Bluefield Daily Telegraph
My handwriting is the subject of ridicule in my family. Mom, Dad, sister Karen, nephews A.J. and Alex, and others have said for years that they can’t read my writing. I counter that I’m a writer with an illiterate family.
Well, I have to admit there just might be some justice to their critiques. I’ve been writing cursive every since I had my first lessons in elementary school all too long ago. It was considered somewhat neat then and I managed to pass grade school, but speed and necessity has impacted its appearance. Using my own variety of mutant shorthand hasn’t helped, either. On my yellow notepads, Princeton is “Pctn” and Bluefield is “Blfd.” Sometimes names are the first initial of a person’s last name.
How bad is my handwriting? Well, one time I was transcribing some notes at the Mercer County Courthouse when some guys waiting for their ride to the Southern Regional Jail came up to my bench. One fellow saw me scribbling away and asked, “How do you read that?”
“I can read it for a couple of days,” I assured him.
Perhaps the biggest example of illegible cursive writing came when the local courts subpoenaed our notes for a hearing to determine whether a high-profile case should be moved to another venue. Editor Samantha Perry told the judge, “Good luck reading these. I can’t!”
That happened a few years ago. A second subpoena arrived in another case recently, but this time the court didn’t ask for our notes. Maybe the attorneys remembered what a fruitless source our notes were the last time they asked for them. Pages of illegible scribbles are not the best evidence.
I’ll also admit my handwriting isn’t the best model for little students learning to write their names in cursive. It certainly isn’t an example of how cursive writing should look. Now, I think it’s pretty good compared to some others I have seen, and I’ve seen cursive writing that looks more like Chinese or Klingon than English. Unfortunately, most American kids can’t read Chinese or Klingon. They need to write legibly in English.
Most writers now use word processors. I learned to type on old-fashioned typewriters. For years I used electric typewriters and the older manual typewriters, and there is still something about hearing the click-clack of keys that fills me with nostalgia. Even one of my favorite Beatles songs, “Paperback Writer,” features the distinctive click and clack of a typewriter in action.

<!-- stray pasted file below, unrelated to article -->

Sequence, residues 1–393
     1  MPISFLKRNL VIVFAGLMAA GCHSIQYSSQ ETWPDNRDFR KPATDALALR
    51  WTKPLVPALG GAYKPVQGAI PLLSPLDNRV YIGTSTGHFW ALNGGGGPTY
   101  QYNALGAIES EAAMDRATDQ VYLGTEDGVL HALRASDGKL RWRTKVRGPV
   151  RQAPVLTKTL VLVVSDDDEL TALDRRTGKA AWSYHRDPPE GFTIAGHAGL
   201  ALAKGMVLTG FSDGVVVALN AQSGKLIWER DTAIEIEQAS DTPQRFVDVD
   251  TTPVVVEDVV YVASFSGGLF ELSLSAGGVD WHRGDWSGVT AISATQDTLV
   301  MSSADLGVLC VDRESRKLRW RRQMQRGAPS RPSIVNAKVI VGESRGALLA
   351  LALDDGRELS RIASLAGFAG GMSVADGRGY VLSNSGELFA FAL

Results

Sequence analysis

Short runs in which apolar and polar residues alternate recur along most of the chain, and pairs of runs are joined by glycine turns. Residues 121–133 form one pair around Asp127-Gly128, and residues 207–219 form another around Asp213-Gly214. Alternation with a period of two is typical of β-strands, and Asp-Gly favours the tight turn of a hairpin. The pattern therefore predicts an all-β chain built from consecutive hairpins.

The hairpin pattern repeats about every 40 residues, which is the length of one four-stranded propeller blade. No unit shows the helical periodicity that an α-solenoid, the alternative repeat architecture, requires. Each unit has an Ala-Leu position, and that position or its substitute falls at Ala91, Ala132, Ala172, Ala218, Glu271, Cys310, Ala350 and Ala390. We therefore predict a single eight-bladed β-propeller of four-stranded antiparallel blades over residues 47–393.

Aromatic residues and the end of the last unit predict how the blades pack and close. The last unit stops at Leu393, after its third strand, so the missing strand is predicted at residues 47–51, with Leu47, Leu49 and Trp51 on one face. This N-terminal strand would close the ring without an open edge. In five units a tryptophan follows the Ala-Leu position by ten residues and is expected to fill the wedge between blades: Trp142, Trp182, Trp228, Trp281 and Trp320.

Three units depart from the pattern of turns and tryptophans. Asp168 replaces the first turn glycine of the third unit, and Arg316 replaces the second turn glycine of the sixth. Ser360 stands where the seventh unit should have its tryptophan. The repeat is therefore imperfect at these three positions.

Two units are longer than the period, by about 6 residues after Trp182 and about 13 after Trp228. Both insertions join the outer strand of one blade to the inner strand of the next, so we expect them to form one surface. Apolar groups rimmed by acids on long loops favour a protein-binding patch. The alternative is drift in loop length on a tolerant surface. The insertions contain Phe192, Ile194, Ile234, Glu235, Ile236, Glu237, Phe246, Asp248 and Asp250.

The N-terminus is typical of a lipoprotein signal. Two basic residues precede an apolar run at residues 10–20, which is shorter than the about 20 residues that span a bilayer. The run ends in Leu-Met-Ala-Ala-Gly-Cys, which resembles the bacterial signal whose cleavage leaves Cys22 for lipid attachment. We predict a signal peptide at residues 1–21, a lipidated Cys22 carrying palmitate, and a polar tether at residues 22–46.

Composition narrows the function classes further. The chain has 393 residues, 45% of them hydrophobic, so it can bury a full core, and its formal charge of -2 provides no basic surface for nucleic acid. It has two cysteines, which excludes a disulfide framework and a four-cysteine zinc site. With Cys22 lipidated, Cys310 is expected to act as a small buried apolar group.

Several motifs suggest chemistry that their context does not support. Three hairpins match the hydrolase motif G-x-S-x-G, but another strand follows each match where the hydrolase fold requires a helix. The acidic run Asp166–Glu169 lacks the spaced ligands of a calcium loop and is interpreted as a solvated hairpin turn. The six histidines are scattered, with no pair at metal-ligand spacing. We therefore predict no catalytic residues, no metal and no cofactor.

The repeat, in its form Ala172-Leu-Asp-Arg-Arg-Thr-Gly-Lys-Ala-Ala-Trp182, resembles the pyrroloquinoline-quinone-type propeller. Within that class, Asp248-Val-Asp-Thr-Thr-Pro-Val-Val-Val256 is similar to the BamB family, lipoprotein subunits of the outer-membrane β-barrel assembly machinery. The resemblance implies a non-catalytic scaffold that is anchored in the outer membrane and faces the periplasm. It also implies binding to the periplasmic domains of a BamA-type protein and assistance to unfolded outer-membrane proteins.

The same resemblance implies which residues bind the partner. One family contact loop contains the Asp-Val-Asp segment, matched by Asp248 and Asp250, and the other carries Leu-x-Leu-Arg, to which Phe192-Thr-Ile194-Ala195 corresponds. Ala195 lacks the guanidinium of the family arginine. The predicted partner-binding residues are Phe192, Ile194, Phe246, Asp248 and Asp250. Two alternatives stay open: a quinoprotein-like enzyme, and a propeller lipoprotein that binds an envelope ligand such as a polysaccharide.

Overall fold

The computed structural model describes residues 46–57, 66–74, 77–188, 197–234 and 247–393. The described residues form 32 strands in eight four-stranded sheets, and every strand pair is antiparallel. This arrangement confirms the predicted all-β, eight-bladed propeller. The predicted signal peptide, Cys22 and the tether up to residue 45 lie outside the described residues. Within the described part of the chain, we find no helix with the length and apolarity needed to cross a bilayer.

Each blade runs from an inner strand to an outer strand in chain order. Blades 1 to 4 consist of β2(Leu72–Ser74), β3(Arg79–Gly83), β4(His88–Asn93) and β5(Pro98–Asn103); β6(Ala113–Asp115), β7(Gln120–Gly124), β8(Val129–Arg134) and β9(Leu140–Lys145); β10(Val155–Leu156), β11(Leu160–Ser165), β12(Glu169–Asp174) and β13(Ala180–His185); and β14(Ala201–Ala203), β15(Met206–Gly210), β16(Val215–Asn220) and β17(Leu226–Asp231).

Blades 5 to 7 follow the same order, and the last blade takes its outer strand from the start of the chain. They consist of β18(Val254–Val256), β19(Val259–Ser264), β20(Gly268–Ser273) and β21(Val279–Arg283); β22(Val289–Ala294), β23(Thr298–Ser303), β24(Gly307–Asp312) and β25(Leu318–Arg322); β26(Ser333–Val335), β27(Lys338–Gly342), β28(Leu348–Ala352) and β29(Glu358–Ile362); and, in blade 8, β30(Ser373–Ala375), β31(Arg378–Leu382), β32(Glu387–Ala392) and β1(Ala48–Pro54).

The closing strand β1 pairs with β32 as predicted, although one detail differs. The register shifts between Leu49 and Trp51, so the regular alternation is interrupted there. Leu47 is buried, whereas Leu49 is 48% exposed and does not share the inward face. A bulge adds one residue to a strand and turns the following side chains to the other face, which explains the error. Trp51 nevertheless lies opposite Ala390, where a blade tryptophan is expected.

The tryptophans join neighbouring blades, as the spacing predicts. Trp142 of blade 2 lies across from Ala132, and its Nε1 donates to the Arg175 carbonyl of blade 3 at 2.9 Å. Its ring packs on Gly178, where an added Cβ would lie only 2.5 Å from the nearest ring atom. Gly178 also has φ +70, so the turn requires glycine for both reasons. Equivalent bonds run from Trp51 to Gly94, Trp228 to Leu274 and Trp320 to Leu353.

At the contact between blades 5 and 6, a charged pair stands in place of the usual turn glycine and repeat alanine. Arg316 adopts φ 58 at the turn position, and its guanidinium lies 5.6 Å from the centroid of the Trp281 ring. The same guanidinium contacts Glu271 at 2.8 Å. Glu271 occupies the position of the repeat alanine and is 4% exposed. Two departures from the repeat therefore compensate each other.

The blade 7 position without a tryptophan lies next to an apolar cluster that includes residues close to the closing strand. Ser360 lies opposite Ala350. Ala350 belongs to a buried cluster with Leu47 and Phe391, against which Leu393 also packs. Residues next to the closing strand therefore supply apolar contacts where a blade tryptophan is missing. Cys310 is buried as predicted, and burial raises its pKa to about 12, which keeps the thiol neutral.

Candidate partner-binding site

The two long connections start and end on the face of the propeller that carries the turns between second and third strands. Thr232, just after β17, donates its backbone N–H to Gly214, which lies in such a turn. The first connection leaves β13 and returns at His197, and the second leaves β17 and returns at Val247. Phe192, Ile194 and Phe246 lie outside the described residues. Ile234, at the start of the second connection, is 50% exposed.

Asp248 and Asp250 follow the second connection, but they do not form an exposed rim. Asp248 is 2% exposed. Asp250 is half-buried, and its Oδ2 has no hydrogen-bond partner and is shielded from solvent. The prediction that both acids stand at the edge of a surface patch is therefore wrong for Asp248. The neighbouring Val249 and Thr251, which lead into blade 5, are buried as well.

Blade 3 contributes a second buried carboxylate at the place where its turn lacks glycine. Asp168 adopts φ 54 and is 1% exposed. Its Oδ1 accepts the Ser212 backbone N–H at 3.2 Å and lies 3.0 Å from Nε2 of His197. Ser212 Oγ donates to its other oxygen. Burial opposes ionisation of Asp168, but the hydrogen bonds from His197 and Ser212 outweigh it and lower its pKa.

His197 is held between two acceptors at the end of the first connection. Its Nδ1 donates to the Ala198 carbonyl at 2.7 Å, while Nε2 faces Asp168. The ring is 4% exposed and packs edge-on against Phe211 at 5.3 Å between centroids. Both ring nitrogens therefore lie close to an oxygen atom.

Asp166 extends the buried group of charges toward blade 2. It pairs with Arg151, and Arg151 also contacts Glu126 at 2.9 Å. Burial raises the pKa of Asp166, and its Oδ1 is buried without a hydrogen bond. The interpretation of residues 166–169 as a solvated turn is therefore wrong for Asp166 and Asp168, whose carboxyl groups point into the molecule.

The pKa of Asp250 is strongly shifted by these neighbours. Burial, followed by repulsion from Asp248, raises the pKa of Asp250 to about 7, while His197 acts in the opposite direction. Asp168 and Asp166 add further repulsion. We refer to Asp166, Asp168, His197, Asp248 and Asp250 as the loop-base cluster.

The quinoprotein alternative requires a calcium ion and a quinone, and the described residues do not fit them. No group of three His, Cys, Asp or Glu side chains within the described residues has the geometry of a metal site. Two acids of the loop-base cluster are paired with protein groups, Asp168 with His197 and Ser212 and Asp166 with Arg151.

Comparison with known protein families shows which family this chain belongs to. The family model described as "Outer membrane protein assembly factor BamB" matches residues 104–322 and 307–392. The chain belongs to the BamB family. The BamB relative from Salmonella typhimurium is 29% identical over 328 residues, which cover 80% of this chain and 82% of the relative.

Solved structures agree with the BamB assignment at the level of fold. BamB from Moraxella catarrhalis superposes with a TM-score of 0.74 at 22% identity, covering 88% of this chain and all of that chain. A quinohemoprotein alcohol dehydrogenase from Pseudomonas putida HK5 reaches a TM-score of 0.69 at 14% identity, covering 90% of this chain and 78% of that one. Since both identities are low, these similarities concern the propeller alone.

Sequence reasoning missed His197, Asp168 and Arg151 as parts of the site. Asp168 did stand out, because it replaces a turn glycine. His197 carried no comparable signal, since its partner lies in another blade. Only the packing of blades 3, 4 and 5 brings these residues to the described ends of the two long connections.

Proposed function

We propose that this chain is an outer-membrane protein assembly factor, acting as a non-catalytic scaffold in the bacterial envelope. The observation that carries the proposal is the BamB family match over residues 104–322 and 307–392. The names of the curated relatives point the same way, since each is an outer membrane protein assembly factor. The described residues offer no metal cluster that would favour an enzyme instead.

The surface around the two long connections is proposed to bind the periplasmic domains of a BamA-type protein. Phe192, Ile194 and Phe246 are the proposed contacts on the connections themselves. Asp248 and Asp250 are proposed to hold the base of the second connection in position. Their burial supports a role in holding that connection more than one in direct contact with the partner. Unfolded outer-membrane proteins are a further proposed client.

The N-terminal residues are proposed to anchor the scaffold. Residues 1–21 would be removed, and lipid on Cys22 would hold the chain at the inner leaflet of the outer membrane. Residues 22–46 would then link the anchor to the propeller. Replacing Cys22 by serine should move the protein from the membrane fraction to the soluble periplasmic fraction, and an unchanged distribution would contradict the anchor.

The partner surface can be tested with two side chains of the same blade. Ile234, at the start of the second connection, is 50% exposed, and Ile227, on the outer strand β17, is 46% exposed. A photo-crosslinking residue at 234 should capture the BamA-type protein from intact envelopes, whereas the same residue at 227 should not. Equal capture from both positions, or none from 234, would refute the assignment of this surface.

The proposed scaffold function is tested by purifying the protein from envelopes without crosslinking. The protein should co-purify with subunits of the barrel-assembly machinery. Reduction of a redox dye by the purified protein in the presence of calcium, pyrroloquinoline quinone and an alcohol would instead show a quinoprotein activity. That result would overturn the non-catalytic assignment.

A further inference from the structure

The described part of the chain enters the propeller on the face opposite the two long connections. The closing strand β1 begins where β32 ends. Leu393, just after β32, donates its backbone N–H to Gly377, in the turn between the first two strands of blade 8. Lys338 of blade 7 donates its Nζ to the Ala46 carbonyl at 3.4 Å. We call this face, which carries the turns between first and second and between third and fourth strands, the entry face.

I know computerized word processing systems are a quantum leap for people who dream of creating a great American novel. You can go back and revise your words with ease with no liquid paper or erasers to worry about. My only complaint is the lack of a click-clack as you hit those keys. That sound said action to me.
But back to cursive writing — it’s silent, too — and the need to preserve it. We need to at least be able to sign our names in cursive, or to at least have a distinctive print style. I use a combination of print and cursive, and I know other people who do the same when they sign their names or write a check. Your handwriting evolves as you grow older. I understand experts can determine a writer’s age just by looking at samples of handwriting. There are times when I can recognize the handwriting of old friends even if I have not seen those people for years.
I don’t see any harm in teaching children how to write in cursive. If they have that skill, they will decide for themselves whether to use it in everyday life. They will also understand how to read cursive writing. There have been times when I’ve had to go through old records written in cursive; if it weren’t for my elementary school lessons, those records would be hieroglyphics to me.
For instance, when my Grandma Jordan passed away, we found an old diary she kept for several years when she was a young woman. She wrote about the jobs she had and other aspects of her daily life. She even mentioned going to see a Rudolph Valentino movie and liking it. If none of my family knew how to decipher cursive handwriting, those stories of Grandma’s early days would be lost forever. We have found cursive notes on pictures in her albums, and each one gives us a little more information about the past.
Cursive writing might seem like an outdated skill in this age of computers, email and texting, but it’s still useful and adaptable. It is a way to make a unique personal statement. Handwriting often reflects the person who uses the pen, so cursive writing is a way to leave a bit of yourself behind when you leave this world.
Greg Jordan is senior reporter at the Daily Telegraph. Contact him at firstname.lastname@example.org.